Many…both religious and non religious…use “sin” as a synonym for “morally wrong” or “evil.” I define “sin” as a thing that transgresses against the tenets of a specific religion. I believe in a certain type of morality, but my concept of morality is based not upon sin, but upon harm. And harm, often, is in the eye of the beholder, so there are many things that may be immoral in some cases and not in others. Homosexuality is a sin in the context of the theology of certain religions (and certain sub-categories of a few others) usually simply because “God said so.” However, homosexuality in itself does no more (nor any less) harm than heterosexuality and therefore is not, in my view, immoral. Actually, ironically and somewhat unfairly, homosexuality has, if anything, less potential for moral difficulties since in my opinion the biggest troubles to stem from sexual activity are children that don’t end up getting taken care of-a non-issue for homosexual behavior.

    Getting at last to your central point of cousin-marriage versus gay marriage…I do see your point. There is some actual harm that can come of cousin-marriage…sort of at least. However, in many places first cousins, at least, are not allowed to marry-due to the biologic difficulties involved-but usually second and beyond can. However, at second cousin and beyond the risks become much less. Also, even a single first-cousin marriage isn’t really, in the grand scheme, too big of a deal. When trouble really starts is when you have multiple generations of inbreeding, such as used to happen in noble families and such. That tends to lead to whole families with a particular issue, such as hemophilia or other genetic conditions.

    There is, of course, no real “logical” problems nor any objective harm to come from gay marriage. That being said, even as a gay person, I honestly at the end of the day don’t really care much about the gay marriage issue and I think a lot of folks on both sides spend a lot of time, money and energy on it that would better be spent on more important things. To me, “marriage” is a spiritual and/or emotional concept. My other half and I consider ourselves “married” regardless of the legalities. There are maybe a few small benefits to be accrued, on a civil level from legal “marriage” but I think most of those benefits will and already are becoming available to gay couples, marriage or no marriage. While I philosophical support the concept of equality, I think the gay community would be better served focusing its attention on, say, the plight of gay teenagers in the meatgrinder we call a school system than on what is largely a purely philosophical issue.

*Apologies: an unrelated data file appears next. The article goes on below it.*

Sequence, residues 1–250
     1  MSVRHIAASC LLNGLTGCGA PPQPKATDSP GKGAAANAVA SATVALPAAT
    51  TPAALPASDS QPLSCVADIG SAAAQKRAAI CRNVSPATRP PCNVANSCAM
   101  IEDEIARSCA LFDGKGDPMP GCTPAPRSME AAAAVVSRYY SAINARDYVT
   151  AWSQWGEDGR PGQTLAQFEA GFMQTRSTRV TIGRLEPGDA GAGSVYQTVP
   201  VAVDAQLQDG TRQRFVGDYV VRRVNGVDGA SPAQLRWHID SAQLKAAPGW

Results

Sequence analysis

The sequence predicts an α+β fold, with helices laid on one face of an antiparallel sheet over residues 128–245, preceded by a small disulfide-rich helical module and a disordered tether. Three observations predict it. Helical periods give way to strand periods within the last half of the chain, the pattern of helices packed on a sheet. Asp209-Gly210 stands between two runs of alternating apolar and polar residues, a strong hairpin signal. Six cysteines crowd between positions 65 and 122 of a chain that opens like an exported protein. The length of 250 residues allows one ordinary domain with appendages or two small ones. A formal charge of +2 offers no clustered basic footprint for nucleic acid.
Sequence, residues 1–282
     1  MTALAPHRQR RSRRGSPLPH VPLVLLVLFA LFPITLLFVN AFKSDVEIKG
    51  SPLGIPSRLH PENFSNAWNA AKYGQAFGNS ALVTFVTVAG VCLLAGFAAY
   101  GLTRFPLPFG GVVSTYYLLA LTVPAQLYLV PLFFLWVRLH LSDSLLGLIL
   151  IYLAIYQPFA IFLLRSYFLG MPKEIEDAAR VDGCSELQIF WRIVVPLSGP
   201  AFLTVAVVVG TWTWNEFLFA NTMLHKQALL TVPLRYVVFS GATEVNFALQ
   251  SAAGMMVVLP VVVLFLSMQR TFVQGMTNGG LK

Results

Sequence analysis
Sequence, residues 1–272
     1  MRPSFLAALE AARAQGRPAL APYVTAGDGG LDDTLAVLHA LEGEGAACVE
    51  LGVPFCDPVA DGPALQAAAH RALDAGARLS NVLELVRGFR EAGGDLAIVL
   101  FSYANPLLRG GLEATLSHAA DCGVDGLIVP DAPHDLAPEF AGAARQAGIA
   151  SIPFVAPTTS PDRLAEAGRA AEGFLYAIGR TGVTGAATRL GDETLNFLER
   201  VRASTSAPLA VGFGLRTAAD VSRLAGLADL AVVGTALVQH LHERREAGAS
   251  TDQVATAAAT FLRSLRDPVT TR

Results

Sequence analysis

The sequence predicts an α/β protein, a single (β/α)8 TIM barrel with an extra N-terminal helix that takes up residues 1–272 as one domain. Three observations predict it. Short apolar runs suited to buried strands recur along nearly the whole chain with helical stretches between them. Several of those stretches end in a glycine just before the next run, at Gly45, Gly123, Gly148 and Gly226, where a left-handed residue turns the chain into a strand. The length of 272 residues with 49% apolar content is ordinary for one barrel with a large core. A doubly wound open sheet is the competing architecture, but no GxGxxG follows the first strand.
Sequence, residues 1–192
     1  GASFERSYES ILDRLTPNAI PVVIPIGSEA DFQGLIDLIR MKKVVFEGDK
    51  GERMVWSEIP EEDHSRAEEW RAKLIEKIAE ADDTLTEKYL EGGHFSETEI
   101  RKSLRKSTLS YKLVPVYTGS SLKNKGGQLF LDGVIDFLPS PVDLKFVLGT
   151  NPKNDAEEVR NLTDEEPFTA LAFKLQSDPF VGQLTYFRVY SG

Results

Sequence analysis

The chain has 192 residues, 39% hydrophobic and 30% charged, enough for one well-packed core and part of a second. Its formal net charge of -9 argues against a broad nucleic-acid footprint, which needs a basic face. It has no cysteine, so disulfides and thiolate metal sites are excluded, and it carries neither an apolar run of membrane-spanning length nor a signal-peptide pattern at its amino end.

Lastly, as to loving someone who does something you consider a sin or against your morality…in the case of Christianity (which is what all of this mostly hinges on) doing that is in fact supposed to be a main tenet of the religion. Now of course loving and supporting aren’t always the same thing. But really it depends on what form of a given religion you follow. Some Christians and members of other Abrahamic faiths choose to emphasize the loving and forgiving nature of God. Some choose to identify with his wrathful, judgemental side. In a more general sense, I think it depends on the person, and the extent of the issue. Even though I am totally opposed to materialism and non-belief (in something) I have friends that call themselves such. My “in-laws” are somewhat racist, but I don’t hate them…of course, they aren’t hardcore, hateful racists, they are just people who often parrot the things they grew up with. In the end, it’s about caring about a person despite their faults, and where the line is between someone who has a fault, and someone who is (nearly) all faults.

  8. It is legal to marry your cousin in Australia, but there is no provision for anything but a civil union if you are gay. Things that make you go hmmmm!!